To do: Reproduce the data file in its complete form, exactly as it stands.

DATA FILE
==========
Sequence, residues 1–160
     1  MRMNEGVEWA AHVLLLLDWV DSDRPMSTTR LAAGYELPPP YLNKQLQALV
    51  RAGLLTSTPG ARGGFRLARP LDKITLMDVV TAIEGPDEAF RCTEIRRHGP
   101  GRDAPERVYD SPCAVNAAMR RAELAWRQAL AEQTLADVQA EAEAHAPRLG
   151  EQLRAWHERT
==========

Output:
Sequence, residues 1–160
     1  MRMNEGVEWA AHVLLLLDWV DSDRPMSTTR LAAGYELPPP YLNKQLQALV
    51  RAGLLTSTPG ARGGFRLARP LDKITLMDVV TAIEGPDEAF RCTEIRRHGP
   101  GRDAPERVYD SPCAVNAAMR RAELAWRQAL AEQTLADVQA EAEAHAPRLG
   151  EQLRAWHERT